Session 3 – Radical Solidarity and Church Leadership
Session 3 – Radical Solidarity and Church Leadership
This session reflects on what radical solidarity looks like in the church.

The problem is that society is being lied to. Racism is based on a lie. God created one race, one blood. That’s the human race. The very idea of the gospel is that we would be one. The world would know that we are Christian because of our oneness, and because of our love.

John M. Perkins

Key Text: Acts 6:1-7


Watch this introductory video as Ben shares about Radical Solidarity and Church Leadership.

Ice-Breaker Question

How are you feeling about the series so far? In what ways has it been helpful?

Setting the scene

There was a moving example of radical solidarity in chapter five of Ben’s book which took place at a youth event called Newday. At the event, 7000 young people, the majority of whom were white and middle class, encountered a very difficult moment. A black teenager was stabbed to death in Peckham, South London hundreds of miles away and Joel Virgo who leads the event, cancelled the annual gathering for games and socialising and led the whole site – all 7000 young people and their youth leaders, in prayer for the family of the young boy who had been tragically killed. It was an emotional and spiritually powerful moment of unity and radical solidarity led by a white pastor based in Brighton – a city that has nowhere near the levels of knife crime as other major cities. Black, white and people of all races stood together to grieve, lament and to come before God in prayer.

What about this story encourages or challenges you and why?

Diversity is about bodies, inclusion is about culture.

DeRay McKesson, American activist and author

Reflect: Church Leadership

Ben recounts the comments of black worship leader Noel Robinson: ‘At a Soul Survivor event, I was invited to teach on music and the prophetic. At the last meeting I did for them, they invited me to lead a song on the main stage. When I came off the stage, the most profound thing happened. In a place where there were maybe 10,000 people, a young black kid came up to me and said, ‘I can be a worship leader.’ I responded by saying, ‘Why are you saying that? Of course you can be.’ He said, ‘You’re the first black worship leader I have ever seen.’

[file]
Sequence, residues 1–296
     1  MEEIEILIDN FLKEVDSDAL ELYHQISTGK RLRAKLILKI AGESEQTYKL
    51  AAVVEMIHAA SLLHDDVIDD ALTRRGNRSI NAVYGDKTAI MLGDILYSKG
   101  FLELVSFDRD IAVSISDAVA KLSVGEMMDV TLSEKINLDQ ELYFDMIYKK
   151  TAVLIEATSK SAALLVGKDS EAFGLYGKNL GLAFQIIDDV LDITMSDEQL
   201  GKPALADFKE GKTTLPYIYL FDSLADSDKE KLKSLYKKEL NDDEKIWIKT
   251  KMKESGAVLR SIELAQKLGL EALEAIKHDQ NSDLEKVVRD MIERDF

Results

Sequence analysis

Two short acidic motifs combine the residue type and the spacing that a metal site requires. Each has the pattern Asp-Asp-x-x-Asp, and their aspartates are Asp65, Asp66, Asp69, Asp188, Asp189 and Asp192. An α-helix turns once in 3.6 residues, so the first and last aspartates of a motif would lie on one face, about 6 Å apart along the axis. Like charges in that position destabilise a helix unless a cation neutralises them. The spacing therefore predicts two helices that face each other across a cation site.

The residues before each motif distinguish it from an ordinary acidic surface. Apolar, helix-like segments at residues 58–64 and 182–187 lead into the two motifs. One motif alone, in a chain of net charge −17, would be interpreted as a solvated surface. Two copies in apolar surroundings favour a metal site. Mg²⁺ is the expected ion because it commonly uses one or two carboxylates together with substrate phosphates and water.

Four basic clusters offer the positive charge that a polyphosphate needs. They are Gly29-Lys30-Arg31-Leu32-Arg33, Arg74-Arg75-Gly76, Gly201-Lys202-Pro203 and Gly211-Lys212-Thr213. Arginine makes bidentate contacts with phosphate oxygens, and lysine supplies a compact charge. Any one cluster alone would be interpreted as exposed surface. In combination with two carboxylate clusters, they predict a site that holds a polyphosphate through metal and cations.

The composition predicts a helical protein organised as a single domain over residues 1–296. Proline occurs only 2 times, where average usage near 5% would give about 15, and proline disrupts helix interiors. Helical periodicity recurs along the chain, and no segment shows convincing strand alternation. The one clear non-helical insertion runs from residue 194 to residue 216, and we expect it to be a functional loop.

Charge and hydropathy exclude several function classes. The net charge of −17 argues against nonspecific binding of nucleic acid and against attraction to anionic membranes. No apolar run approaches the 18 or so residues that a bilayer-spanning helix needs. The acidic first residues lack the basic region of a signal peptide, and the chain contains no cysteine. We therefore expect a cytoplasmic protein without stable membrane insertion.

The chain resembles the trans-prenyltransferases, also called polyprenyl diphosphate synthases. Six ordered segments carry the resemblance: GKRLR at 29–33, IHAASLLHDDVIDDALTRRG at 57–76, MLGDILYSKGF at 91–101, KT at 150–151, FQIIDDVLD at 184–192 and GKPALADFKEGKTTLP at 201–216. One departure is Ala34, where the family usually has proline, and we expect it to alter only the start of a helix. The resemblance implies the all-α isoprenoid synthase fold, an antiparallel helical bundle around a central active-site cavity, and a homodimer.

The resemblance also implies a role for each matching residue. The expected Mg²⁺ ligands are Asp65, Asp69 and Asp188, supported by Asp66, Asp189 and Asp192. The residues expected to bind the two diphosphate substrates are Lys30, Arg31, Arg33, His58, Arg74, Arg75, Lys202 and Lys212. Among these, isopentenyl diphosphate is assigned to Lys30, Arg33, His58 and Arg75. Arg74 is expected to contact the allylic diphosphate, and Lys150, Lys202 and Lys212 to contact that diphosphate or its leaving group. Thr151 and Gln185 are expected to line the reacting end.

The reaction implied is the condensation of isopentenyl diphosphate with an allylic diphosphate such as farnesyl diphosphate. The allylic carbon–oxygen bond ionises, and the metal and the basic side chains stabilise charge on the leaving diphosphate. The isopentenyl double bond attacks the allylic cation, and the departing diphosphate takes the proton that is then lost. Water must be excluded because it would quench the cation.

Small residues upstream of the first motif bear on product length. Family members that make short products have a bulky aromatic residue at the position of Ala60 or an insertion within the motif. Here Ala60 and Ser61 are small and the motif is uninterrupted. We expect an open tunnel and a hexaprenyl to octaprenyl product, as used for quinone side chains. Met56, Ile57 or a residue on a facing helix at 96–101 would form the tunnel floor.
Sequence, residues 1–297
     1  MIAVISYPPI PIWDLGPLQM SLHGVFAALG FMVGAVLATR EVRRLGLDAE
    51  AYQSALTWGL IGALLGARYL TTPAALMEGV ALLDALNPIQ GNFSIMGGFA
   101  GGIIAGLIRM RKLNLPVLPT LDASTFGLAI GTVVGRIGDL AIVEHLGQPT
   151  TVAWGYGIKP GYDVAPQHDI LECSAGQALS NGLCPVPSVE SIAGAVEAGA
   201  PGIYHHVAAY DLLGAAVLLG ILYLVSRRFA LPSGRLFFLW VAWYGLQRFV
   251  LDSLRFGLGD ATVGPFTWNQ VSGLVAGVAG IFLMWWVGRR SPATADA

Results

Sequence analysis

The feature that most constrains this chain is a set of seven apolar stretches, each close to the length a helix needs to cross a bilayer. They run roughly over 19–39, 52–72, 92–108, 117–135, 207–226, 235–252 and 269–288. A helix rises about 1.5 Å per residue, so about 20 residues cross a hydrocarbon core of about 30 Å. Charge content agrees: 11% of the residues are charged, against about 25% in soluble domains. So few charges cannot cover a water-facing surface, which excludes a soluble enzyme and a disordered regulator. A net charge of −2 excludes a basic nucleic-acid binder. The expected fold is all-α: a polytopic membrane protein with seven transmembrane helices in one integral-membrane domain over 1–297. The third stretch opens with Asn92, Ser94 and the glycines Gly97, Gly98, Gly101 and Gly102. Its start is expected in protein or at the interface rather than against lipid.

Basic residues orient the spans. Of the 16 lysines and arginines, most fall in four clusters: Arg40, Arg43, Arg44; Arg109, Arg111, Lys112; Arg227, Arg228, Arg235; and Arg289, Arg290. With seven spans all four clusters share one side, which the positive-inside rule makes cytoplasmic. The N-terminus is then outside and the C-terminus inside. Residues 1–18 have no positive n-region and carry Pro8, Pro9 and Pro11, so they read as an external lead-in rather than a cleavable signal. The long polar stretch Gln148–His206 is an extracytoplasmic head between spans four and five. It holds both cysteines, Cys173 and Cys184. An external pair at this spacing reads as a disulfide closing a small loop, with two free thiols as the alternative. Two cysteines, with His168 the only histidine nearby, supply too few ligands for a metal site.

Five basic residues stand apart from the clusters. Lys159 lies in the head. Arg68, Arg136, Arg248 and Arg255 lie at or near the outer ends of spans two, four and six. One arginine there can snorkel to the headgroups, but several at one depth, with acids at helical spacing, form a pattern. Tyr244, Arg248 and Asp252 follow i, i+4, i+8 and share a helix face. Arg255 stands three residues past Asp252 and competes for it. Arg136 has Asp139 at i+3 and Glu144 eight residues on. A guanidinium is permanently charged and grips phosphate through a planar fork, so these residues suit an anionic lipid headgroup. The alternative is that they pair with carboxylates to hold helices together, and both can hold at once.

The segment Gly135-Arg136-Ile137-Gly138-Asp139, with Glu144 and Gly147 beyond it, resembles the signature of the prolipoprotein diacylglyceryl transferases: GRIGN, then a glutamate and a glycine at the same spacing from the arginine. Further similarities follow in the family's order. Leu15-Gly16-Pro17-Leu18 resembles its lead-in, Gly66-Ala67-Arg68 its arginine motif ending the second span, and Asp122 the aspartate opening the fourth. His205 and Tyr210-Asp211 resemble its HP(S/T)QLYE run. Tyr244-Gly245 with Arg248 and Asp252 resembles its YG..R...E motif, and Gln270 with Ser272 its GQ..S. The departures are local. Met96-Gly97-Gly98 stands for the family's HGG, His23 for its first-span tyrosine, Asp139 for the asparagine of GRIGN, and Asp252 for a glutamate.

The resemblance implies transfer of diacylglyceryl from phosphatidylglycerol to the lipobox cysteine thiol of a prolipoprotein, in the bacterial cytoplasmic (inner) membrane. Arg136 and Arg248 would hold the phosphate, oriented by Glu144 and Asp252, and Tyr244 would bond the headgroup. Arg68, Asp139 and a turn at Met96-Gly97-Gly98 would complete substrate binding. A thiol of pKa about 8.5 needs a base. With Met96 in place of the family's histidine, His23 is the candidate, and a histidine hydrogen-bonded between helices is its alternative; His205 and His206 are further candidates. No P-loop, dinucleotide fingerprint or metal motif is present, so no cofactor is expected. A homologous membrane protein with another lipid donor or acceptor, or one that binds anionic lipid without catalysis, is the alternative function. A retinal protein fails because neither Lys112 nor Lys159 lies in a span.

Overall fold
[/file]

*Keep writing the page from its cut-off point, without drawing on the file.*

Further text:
Reflect on this story as a group. The questions below may help.

Bible Study

Read Acts 6:1-7, and then the quote below from We Need to Talk about Race.

‘In Acts 6, the Greek Jews (the foreign minority culture) protested that their widows were not being fairly treated in comparison to those of the Hebrew Jews (the indigenous majority culture) in the distribution of food (v. 1)… In Acts 6 there is an incredible demonstration of unity and radical solidarity in the way the situation is resolved. The Greek- and Hebrew-speaking Jews come together and the leaders of the early Church appointed seven leaders to supervise the distribution of resources to those in need. What then occurred was intriguing. The Hebrew Jews were the dominant, majority culture, but it was the minority culture that was given authority and responsibility to lead and act in this area of distributing food to the widows.’


Read these quotes from We Need to Talk about Race.

‘For racial reconciliation to be achieved, for radical solidarity to be realised in the UK Church, black forgiveness of white racial wrongs cannot be the only answer. White confession and repentance also need to happen.’

‘Minority and majority culture were all in it together to solve the issue and a radical solidarity was achieved. The short-term immediate need was addressed but, also, there was increased meaningful authority given to the marginalised. Power structures based on race and culture were destabilised. At no point was the minority culture first told to forgive and reconcile; the onus fell on the majority culture to actively make the situation right.’

Discuss the issues raised in this session together. The following questions may help:


Pray for a forging of radical solidarity within your church community.

Pray for greater forms of representation in leadership and diversity of cultural expression.